Key health insurance changes are available now as part of this year's federal health care reform initiatives. If you suffer from serious health problems or pre-existing conditions, this is the time to take advantage of these changes. They include:
New pre-existing condition insurance plans (PCIP).-These plans are designed to help people who have difficulty buying health insurance due to pre-existing health conditions.
To join the plans, you must be a U.S. citizen who has gone without health insurance coverage for at least six months. If you qualify, the plan includes a full range of services such as primary and specialty care, hospital care and prescription drugs.
This summer, the U.S. Department of Health and Human Services began offering PCIP plans in 21 states. Plan premiums range from $320 to $570 per month for a 50-year-old enrollee, depending on where you live. Policyholders pay premiums, deductibles and co-pays.
Twenty-nine states and the District of Columbia operate their own plans. Check with HealthCare.gov to research both state and federally run plans. You can also apply for both types of PCIP plans online.
Qualification requirements vary from state to state, but generally you'll need to be uninsured and have trouble getting insurance. States such as Florida also require a letter from at least one insurer that denied you coverage within the past six months.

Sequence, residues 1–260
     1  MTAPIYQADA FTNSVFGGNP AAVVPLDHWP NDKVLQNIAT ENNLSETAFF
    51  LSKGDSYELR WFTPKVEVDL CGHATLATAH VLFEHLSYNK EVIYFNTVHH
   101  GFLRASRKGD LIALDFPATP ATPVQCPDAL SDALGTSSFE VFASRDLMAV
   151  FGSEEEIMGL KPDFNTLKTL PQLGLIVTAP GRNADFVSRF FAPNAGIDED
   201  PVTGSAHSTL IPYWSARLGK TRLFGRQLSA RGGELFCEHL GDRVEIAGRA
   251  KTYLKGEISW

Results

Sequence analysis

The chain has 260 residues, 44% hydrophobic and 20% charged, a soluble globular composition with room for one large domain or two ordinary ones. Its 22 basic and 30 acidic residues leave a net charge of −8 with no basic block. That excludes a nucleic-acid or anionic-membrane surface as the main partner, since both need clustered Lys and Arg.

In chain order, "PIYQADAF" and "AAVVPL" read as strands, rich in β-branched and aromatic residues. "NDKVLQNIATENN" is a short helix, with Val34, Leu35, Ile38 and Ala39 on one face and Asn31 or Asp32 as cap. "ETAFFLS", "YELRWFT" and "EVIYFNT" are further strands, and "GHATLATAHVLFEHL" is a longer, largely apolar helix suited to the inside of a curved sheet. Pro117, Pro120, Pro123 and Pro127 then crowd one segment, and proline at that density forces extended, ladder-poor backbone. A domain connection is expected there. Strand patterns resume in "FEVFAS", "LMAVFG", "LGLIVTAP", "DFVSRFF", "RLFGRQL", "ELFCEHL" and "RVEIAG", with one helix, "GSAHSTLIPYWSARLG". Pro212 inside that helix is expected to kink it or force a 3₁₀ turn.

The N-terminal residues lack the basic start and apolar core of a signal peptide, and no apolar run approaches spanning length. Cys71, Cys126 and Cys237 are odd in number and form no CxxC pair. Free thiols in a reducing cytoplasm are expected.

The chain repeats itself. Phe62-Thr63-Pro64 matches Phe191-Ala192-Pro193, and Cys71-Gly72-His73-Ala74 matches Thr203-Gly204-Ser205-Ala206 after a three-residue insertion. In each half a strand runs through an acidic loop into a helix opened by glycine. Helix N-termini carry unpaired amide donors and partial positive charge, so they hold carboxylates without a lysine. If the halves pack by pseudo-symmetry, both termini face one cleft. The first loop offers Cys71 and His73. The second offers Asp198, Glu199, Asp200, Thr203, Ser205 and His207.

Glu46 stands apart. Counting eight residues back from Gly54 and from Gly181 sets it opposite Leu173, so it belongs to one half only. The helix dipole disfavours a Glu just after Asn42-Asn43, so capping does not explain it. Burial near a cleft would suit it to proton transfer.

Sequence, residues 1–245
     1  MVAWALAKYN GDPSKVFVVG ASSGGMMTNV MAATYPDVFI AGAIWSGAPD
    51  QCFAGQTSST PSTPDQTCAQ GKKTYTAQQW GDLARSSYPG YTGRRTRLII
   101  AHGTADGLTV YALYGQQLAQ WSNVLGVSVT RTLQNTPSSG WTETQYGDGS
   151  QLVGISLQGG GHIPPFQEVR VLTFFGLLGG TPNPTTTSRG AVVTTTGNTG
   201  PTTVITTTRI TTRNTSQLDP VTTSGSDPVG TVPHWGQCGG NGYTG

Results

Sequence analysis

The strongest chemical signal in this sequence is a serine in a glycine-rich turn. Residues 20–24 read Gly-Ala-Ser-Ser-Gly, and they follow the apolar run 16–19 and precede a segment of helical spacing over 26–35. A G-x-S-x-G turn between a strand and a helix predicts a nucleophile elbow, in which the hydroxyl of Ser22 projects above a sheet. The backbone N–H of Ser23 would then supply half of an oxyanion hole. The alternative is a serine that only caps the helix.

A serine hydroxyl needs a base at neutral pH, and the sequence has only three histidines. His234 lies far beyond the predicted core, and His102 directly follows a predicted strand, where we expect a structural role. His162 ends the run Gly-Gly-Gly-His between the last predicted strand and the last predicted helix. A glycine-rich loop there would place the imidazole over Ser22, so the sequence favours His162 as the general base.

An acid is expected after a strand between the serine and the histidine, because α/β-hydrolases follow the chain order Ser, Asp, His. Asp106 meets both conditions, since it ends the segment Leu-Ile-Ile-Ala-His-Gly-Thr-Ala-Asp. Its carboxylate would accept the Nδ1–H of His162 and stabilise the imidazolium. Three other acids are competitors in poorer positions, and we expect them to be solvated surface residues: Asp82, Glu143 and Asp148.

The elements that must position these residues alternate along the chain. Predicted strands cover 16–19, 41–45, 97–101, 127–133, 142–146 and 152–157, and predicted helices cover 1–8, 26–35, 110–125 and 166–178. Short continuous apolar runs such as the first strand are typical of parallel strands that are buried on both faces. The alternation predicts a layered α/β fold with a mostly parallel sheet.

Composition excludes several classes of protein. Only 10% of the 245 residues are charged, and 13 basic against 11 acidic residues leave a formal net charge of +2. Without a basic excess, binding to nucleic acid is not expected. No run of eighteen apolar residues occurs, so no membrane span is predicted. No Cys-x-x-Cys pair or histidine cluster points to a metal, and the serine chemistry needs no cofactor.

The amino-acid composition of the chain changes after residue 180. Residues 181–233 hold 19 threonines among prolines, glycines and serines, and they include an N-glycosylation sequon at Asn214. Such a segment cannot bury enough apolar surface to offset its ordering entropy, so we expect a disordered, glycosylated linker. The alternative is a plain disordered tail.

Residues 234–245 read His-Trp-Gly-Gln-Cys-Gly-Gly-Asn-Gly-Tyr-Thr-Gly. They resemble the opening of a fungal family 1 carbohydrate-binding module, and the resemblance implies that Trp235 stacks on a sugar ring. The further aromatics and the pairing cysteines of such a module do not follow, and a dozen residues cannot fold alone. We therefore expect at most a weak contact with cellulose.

Some states still are scrambling to flesh out plan details. PCIPs will only be available until 2014; after that, all health insurance companies must provide coverage to any person with a pre-existing condition.
Young adults now covered up to age 26.- Children up to age 26 who do not have access to coverage through an employer-sponsored health plan are now eligible for health care coverage under their parents' health insurance policy. Children may remain on the plan even if they're married, living away from home or attending school. This provision applies to policies that began after Sept. 23, 2010.
No rescission of health insurance. Insurance companies can no longer cancel -- or rescind -- your insurance because you unintentionally left out personal information on your application. Intentional fraud is, of course, an exception.
This provision applies to policies that began after Sept. 23, 2010, and it applies to both employer and individual plans.
No lifetime or annual limits on coverage. Insurers can't impose lifetime cost limits on medical coverage, as of Sept. 23, 2010. This key reform means people with serious illnesses such as leukemia won't be cut off from their insurance.
Annual limits, which are less common and affect 19 percent of individual plans, are being phased out and eventually will not be allowed.
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